The Senate Special Committee on Aging, which has been conducting the investigation, has decided not to initiate an oversight hearing on the issue.
“I don’t think that we’re going to schedule a hearing at this time,” says a Senate investigator. “However, we may have some staff findings on this matter which we may make public in the near future.”
While the committee aims to win the battle of public opinion, it’s a welcome development for Genentech knowing that one of their executives won’t be called in front of a Congressional panel—along with the television cameras—for intense questioning.
Last October, Senate Special Committee on Aging Chairman Herb Kohl (D-Wisc.) sent a letter to the Centers for Medicare and Medicaid Services asking why Medicare was paying a steep premium for Lucentis when the “chemically similar” cancer drug bevacizumab (Avastin) can be used off-label for AMD at a fraction of the cost.
The committee then launched a formal investigation in November with letters to FDA and Genentech. To read the specifics, click here.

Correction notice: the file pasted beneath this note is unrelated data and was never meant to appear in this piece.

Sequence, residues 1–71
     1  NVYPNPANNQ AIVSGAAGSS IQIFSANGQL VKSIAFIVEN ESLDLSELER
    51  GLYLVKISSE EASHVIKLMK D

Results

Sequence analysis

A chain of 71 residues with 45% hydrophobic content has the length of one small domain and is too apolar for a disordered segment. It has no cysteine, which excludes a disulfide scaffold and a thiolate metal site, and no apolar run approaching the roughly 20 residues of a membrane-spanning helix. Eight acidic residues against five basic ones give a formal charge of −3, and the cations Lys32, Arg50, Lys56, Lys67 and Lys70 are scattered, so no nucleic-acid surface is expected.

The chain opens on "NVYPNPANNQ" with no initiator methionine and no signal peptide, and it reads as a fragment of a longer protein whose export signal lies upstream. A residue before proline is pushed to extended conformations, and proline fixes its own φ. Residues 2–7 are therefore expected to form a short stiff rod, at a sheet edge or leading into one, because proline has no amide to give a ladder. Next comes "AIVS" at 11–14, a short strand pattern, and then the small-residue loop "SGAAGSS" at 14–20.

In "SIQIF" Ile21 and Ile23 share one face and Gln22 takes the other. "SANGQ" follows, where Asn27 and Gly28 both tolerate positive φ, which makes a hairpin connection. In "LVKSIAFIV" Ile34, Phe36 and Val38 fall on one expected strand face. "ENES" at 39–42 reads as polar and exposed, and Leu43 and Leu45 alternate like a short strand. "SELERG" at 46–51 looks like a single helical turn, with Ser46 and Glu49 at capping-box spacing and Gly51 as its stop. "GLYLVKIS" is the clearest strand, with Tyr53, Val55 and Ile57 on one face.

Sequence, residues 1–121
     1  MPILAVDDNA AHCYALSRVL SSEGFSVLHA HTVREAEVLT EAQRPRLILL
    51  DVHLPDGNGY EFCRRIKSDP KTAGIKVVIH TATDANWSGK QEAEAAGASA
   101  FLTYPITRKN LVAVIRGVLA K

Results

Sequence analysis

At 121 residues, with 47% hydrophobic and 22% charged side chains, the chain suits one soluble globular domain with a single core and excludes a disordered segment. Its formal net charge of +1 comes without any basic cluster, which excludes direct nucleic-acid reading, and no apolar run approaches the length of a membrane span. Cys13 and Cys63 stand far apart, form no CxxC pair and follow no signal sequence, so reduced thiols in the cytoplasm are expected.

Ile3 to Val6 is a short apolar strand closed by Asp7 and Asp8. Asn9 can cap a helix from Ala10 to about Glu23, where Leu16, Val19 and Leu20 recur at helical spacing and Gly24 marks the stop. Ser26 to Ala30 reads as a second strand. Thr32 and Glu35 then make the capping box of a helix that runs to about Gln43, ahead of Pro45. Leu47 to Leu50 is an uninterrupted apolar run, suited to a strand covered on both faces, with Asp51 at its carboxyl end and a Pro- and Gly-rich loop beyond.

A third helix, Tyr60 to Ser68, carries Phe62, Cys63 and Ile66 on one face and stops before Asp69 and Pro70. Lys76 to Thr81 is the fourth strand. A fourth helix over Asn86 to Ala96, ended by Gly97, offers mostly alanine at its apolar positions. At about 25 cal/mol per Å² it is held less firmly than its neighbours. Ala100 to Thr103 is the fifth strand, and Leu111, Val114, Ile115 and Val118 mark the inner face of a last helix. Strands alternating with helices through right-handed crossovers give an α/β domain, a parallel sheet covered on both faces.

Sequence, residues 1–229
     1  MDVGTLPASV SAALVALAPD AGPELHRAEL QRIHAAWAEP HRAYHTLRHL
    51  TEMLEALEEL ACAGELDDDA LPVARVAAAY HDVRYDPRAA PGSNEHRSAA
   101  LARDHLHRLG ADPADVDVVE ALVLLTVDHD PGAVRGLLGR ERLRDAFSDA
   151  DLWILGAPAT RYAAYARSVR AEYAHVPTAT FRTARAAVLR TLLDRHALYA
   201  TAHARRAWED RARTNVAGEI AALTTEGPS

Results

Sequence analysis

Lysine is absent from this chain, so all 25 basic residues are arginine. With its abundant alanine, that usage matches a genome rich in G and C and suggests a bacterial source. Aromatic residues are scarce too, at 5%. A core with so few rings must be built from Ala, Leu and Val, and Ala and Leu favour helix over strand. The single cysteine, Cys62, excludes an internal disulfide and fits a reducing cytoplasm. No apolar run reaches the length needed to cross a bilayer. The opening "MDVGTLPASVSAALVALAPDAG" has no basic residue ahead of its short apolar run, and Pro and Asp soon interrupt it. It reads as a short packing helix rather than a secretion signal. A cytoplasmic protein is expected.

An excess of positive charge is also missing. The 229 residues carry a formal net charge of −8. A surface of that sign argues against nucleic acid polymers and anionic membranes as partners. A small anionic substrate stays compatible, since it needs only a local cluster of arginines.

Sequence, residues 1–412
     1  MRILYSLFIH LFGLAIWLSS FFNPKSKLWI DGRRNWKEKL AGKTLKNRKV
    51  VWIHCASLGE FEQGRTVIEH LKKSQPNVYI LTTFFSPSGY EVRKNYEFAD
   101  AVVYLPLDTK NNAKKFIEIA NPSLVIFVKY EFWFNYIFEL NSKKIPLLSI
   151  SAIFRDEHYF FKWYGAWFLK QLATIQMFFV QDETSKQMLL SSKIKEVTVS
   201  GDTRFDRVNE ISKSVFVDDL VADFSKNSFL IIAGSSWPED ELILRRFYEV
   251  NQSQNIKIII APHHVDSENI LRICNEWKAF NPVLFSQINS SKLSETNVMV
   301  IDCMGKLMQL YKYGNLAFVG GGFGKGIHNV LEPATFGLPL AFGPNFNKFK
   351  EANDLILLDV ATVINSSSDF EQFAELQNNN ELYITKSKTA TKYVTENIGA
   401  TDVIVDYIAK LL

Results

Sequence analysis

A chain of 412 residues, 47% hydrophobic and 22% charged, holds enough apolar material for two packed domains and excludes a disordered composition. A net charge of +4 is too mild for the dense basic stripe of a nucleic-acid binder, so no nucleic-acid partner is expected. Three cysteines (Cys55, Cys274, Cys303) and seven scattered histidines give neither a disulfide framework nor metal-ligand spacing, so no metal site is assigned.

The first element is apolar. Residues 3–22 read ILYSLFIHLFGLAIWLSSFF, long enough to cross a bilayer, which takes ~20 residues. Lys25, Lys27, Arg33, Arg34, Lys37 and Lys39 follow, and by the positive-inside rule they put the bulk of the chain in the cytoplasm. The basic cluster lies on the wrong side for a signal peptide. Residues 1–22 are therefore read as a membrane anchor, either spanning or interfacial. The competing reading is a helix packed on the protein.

CMS responded to the October 2007 committee letter at the end of February, according to the Senate investigator. Staffers intend to put together a staff memo containing findings from the investigation.
The staff identified “interesting details” in the FDA inspectional papers, e-mails and interviews, as well as noteworthy findings on the issue of whether Genentech promised to provide free Lucentis for the NIH/National Eye Institute-sponsored, head-to-head CATT study evaluating microdoses of Avastin compared to Lucentis (more on this later).
The findings of the investigation could be made public in a few weeks.